We also managed to find, while window-shopping and drooling at windows of the chocolate shops, . . . a fabric store. Christiaen, on St. Amindstraat, was one of the stores recommended to me in Bruges, and she's definitely worth a visit. The owner, a redhead wearing lime green and purple, who looked no more than 40, said she's had the shop for 25 years and is pleased that there seems to be a renewed interest in sewing. She said that young girls are taking it up out of nowhere, because most of their mothers don't know how to sew. Her fabrics were beautiful, if expensive, and she had a selection of Burda, Knip Mode and Ottobre magazines, most of which I had and all of which were in Dutch.

Because I can't manage to go anywhere without snoop-shopping store windows and following people with really cool clothes, I had to take a picture of this woman's coat. A LOT of the prints I saw in Belgium were this large and almost photographic, and while it might not be a coat you'll wear for years, putting this on would definitely cheer me up on a dark day.

After covering what seemed like most of the town, we wandered back to the naked man (a/k/a the hotel) for a nap before dinner. Though we'd slept on the flight, the time change was catching up to us, and a 2 hour nap put us right. We ventured back out around 7:30, refreshed and in search of food. We found a restaurant not far off the Markt Square where I had salmon in a mousseline sauce and Mario had rabbit braised in beer.

It was raining lightly, but not so much that we couldn't walk around some more and admire the floodlit buildings, and plan what we were going to do the next day.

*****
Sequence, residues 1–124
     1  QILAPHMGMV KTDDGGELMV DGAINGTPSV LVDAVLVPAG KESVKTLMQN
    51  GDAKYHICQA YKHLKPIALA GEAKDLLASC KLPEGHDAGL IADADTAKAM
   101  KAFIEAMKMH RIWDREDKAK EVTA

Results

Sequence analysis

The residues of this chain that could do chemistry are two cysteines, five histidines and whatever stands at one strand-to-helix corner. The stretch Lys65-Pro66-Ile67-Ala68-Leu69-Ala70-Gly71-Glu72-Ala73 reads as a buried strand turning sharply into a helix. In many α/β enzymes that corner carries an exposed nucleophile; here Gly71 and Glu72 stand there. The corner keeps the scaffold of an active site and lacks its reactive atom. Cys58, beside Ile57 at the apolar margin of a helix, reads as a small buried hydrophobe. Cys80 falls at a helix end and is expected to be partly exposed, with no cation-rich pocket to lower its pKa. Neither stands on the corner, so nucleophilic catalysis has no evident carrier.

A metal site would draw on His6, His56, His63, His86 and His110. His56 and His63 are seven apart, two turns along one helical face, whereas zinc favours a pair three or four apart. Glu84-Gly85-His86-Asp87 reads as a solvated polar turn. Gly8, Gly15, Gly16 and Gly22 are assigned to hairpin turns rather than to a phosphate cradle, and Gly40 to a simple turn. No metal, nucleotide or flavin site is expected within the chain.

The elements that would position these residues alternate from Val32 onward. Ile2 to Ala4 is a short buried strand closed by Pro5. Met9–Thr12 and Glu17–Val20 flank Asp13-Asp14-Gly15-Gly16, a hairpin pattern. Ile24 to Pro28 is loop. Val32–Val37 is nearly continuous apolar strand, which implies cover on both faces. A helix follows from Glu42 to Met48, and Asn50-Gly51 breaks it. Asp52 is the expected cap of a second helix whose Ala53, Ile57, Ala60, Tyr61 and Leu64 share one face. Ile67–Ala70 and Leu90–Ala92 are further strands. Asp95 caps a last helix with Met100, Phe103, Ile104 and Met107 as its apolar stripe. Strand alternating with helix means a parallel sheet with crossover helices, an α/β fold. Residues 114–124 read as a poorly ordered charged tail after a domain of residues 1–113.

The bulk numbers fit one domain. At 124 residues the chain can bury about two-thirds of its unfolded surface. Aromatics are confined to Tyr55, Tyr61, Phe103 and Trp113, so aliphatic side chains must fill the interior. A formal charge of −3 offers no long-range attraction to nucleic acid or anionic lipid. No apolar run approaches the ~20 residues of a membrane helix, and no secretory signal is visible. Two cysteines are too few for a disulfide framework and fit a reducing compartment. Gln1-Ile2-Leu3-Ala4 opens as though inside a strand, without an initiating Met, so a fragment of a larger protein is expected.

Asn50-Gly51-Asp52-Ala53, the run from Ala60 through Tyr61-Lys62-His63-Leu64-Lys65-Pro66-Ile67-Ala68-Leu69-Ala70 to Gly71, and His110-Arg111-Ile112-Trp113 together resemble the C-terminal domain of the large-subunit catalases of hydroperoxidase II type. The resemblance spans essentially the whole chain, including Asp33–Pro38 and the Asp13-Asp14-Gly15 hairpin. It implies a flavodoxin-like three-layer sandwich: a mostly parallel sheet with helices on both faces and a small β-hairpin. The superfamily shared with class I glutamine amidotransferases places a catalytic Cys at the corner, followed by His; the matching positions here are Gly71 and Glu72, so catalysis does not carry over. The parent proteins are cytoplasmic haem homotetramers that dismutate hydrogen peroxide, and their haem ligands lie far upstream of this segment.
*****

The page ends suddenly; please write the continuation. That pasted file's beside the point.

Friday, October 22, 2010

Vacation Fabric, Part 1

I'm back. I've had a little trouble getting myself re-acclimated; work's been busy, the cats missed me and I missed them, but I did manage to find some time to get reacquainted with my sewing machine (someone else was re-bonding with MSNBC, so I don't even think I was missed).

Because it turns out fabric prices in Belgium are pretty frightening, I only ended up with 2 pieces, both knits, both prints. One was a remnant (washed but not yet photographed), and the other was a panel intended to be made into a tshirt. I obediently turned it into yet another KS 3338 tshirt. Their idea of a shirt seemed a little short, so I cut the fabric from the bottom and pieced some extra up at the top, right below the shoulder seams. It doesn't show, and neither does any part of me I don't want showing.

My purchases were made in Bruges, despite my intention of meeting up with other sewists in Brussels. No such luck.

Apparently the French are not the only ones who strike. When we got to the train station on Monday morning, the trains weren't there. The employees were, and a few policemen, but they were all clustered around a case of beer and with no intention of driving a train anywhere. Maybe after the beer that was a good idea.